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Committee to Protect Journalists

The Committee to Protect Journalists (CPJ) is an American independent non-profit, non-governmental organization, based in New York City, New York with correspondents around the world. CPJ promotes press freedom and defends the rights of journalists. The American Journalism Review has called the organization "Journalism's Red Cross".[1]

Committee to Protect Journalists
Committee to Protect Journalists - logo.gif
Formation1981; 37 years ago (1981)
TypeIndependent nonprofit organization
PurposePress freedom and journalist human rights
Headquarters330 Seventh Avenue, 11th Floor
New York City, New York 10001
United States
Region served
Executive Director
Joel Simon
AffiliationsInternational Freedom of Expression Exchange


History and programsEdit

The Committee to Protect Journalists was founded in 1981 in response to the harassment of Paraguayan journalist Alcibiades González Delvalle.[2] Its founding honorary chairman was Walter Cronkite.[2] Since 1991, it has held the annual CPJ International Press Freedom Awards Dinner,[2] during which journalists and press freedom advocates who have endured beatings, threats, intimidation, and prison for reporting the news receive awards.

Between 2002 and 2008, it published a biannual magazine, Dangerous Assignments.[3] It also publishes an annual worldwide survey of press freedom called Attacks on the Press.[4]

Since 1992, the organization has compiled an annual list of all journalists killed in the line of duty around the world.[5] For 2017, it reported that 46 journalists had been killed in connection with their work, as compared to 48 in 2016 and 73 in 2015, and that of those killed, 18 had been murdered.[5] A running total of journalists killed over the entire period from 1992 is available on the group's website, as well as the statistics for any given year; as of April 2018 the total was 1285.[6] The organization's figures are typically lower than similar ongoing counts by Reporters Without Borders or the International Federation of Journalists because of CPJ's established parameters and confirmation process.[7] It also publishes an annual census of imprisoned journalists.[8]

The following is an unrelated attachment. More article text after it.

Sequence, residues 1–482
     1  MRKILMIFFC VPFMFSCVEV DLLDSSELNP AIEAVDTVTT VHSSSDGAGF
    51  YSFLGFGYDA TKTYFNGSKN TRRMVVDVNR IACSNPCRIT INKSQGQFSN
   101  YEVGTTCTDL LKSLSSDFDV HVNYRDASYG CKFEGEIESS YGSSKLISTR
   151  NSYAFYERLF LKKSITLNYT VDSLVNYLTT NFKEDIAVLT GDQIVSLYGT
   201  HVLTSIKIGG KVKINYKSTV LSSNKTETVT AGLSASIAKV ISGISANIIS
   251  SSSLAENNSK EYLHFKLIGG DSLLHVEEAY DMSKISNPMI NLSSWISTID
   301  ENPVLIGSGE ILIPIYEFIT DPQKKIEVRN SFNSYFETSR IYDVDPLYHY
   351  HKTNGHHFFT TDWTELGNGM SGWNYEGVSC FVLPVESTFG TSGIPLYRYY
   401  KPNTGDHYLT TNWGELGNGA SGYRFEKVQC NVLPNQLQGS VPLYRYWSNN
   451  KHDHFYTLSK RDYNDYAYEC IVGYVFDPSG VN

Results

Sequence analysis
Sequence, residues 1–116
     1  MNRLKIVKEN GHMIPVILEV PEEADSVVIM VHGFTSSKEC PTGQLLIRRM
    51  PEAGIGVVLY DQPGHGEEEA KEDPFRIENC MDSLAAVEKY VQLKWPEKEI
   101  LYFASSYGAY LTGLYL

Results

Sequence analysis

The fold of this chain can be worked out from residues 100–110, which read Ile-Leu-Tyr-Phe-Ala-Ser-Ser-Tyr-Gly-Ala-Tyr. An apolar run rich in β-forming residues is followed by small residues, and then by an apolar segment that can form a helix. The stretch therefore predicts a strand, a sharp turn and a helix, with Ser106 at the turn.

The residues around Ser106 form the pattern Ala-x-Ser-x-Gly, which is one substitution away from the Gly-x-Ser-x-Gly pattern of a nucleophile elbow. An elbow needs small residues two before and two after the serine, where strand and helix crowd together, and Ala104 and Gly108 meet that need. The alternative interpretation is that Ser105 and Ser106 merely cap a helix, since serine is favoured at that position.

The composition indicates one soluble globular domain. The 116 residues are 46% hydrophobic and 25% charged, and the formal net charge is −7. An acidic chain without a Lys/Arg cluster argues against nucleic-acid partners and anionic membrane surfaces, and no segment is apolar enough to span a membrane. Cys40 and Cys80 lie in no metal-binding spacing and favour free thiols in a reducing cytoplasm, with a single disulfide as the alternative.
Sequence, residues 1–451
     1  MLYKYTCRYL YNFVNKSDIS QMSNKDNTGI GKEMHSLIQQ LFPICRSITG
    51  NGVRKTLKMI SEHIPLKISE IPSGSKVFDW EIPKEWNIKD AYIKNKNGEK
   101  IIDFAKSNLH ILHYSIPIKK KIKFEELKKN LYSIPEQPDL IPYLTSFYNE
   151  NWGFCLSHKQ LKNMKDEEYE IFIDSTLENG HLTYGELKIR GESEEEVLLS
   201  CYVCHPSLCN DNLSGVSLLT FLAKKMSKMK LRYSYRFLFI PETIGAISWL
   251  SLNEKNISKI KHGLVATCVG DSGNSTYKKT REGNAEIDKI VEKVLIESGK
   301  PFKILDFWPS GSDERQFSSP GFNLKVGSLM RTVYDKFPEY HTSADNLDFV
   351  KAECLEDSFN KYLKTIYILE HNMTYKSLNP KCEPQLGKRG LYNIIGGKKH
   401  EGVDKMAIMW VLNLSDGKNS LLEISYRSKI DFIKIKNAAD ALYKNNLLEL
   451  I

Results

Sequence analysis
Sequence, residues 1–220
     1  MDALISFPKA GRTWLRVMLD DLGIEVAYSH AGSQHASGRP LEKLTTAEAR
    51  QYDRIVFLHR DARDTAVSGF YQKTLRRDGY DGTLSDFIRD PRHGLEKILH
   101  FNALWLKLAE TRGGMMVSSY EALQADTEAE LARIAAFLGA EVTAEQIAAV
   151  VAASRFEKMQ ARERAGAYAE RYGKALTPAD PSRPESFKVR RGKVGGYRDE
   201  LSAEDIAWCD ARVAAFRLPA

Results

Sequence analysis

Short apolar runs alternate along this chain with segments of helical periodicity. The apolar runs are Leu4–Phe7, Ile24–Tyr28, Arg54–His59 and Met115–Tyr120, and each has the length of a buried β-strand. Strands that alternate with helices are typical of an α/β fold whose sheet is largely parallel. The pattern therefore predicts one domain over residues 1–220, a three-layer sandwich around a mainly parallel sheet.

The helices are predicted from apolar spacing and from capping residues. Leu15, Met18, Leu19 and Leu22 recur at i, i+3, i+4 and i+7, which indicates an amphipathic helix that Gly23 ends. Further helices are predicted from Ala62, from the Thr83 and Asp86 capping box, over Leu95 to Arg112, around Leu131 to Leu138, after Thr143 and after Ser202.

The organization works to protect and enhance free press rights within the United States, which, among other efforts, includes its US Press Freedom Tracker project. In 2017 the project had a small infusion of financing after a $50,000 contribution from US Representative Greg Gianforte. The funds arose as a stipulation of a civil settlement Gianforte reached after his election eve attack on The Guardian political reporter Ben Jacobs in May, 2017, after Jacobs asked him a question on health care policy.[9] Gianforte was convicted of criminal assault in state court in June, 2017 stemming from his assault of Jacobs. He was fined and sentenced to community service and anger management therapy.[10][11][12] As a stipulation of his settlement with Jacobs, Gianforte donated $50,000 to the Committee to Protect Journalists, which said it would use the funds to support the U.S. Press Freedom Tracker.[13]